Saturday, July 20, 2013

The 6 D's: Documented Team Player

The most effective boards recruit team players. That's the big idea behind one of the “6 D's” criteria from the ECFA Governance Toolbox Series No. 1: Recruiting Board Members

No. 3: Documented Team Player
Competent in group process skills, effective listener; leverages own spiritual gifts and those of others (Rom. 12, Eph. 4, I Cor. 12).

Imagine a basketball player who never passes the ball. Or a quarterback on a football team who executes the quarterback sneak every play. Absurd.

So before you invite the next person to serve on your board—conduct some important due diligence:

  • Who will affirm that your board candidate is an effective team player?
  • Does your prospect know and leverage his or her spiritual gifts? Do they discover and leverage the gifts of people around them?
  • On other boards, or in other group situations, does this person listen to others or hog the discussion?
  • Would this person be an effective committee chair—capable in bringing the best out of others or does he or she relish the spotlight?
  • When the task is accomplished, does the team get the credit? Is God honored?

And one more caution! Before you pack your board with entrepreneurs, remember that while people with entrepreneurial gifts are often amazing idea machines, sometimes they have inadequate group process skills. Check references. You need the whole package—so don't propose marriage until you've “dated” this board prospect and observed if they share or hog the ball. (See No. 2: Demonstrated Passion.)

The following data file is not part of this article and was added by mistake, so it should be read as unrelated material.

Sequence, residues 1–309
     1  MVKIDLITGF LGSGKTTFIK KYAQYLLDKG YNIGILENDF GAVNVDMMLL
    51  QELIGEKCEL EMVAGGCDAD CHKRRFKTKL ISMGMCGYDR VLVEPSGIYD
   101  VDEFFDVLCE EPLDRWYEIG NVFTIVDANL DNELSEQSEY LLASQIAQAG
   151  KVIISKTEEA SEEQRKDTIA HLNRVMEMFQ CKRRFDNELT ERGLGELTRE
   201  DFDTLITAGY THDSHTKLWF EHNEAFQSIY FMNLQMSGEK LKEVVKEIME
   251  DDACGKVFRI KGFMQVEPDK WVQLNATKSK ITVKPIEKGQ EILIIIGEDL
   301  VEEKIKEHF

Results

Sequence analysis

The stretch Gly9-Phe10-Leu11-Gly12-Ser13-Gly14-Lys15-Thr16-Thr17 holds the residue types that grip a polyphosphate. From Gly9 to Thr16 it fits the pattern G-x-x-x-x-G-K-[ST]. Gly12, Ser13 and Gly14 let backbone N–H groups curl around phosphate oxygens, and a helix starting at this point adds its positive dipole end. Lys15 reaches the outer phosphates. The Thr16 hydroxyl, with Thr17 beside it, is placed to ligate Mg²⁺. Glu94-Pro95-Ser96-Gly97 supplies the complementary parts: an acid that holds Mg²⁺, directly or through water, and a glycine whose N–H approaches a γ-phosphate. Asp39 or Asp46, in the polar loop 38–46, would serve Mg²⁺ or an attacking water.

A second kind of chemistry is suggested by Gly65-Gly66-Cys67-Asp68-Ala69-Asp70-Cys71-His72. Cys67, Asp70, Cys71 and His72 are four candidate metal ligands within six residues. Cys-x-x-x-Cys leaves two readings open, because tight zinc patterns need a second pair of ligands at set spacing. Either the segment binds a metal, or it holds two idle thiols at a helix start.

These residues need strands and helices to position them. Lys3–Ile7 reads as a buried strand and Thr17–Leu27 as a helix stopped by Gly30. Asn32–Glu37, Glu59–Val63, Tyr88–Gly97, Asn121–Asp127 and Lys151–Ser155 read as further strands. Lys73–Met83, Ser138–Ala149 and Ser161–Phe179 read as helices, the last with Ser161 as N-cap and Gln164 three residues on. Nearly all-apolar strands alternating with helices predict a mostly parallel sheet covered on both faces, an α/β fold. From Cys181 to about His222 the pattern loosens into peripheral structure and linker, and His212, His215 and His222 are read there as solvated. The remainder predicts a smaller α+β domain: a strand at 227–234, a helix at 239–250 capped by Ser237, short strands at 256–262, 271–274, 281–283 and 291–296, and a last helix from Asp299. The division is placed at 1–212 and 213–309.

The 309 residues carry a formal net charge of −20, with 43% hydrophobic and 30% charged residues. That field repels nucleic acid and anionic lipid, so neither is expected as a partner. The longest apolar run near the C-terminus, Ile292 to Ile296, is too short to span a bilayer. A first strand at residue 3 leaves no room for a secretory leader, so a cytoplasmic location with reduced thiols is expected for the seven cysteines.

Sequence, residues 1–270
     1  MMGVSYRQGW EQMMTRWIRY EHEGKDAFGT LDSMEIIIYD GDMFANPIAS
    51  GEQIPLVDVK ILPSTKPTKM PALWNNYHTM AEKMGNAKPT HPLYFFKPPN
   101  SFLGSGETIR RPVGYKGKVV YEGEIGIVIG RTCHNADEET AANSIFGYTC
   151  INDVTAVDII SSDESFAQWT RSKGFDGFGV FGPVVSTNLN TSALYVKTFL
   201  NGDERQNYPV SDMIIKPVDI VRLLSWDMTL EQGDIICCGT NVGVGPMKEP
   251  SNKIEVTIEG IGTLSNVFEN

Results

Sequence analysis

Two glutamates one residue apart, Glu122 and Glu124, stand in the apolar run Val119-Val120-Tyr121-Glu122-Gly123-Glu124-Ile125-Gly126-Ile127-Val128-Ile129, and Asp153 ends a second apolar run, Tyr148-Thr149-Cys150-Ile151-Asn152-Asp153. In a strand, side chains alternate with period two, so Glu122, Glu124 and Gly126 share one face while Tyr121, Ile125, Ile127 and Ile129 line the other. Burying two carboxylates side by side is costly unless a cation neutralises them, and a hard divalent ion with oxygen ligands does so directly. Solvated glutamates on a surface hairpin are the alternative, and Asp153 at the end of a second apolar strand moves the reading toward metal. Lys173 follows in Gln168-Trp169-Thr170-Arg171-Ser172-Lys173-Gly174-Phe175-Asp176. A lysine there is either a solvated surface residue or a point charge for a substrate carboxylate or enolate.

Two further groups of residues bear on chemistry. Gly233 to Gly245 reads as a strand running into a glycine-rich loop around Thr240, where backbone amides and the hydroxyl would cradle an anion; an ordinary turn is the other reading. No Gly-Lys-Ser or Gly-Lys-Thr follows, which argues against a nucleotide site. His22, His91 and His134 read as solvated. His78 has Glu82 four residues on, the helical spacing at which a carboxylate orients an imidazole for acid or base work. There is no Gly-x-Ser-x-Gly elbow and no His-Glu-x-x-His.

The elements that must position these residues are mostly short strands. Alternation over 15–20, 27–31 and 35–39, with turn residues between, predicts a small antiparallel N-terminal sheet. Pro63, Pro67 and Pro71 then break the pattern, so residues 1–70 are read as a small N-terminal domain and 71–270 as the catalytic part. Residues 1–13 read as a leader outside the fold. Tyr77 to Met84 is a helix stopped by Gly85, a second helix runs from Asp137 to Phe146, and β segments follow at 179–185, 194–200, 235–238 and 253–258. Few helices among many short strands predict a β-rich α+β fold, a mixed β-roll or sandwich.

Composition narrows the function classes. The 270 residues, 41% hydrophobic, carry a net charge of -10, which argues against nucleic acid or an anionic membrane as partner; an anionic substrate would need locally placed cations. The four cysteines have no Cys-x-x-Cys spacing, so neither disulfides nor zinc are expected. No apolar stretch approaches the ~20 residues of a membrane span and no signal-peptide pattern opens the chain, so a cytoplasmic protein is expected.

I know. It's a big challenge to find the right board members. 
You need people competent in board governance 
and competent in people skills.  
You need people with Christ-like character. You need men and women who have documented lives of both faithfulness and fruitfulness.

Galatians 5:22-23 reminds us (in The Message), “But what happens when we live God's way? He brings gifts into our lives, much the same way that fruit appears in an orchard—things like affection for others, exuberance about life, serenity.  We develop a willingness to stick with things, a sense of compassion in the heart, and a conviction that a basic holiness permeates things and people. We find ourselves involved in loyal commitments, not needing to force our way in life, able to marshal and direct our energies wisely. Legalism is helpless in bringing this about; it only gets in the way.”

QUESTION: How will we conduct our due diligence on future board members to ensure that they are competent team players and not Lone Rangers?

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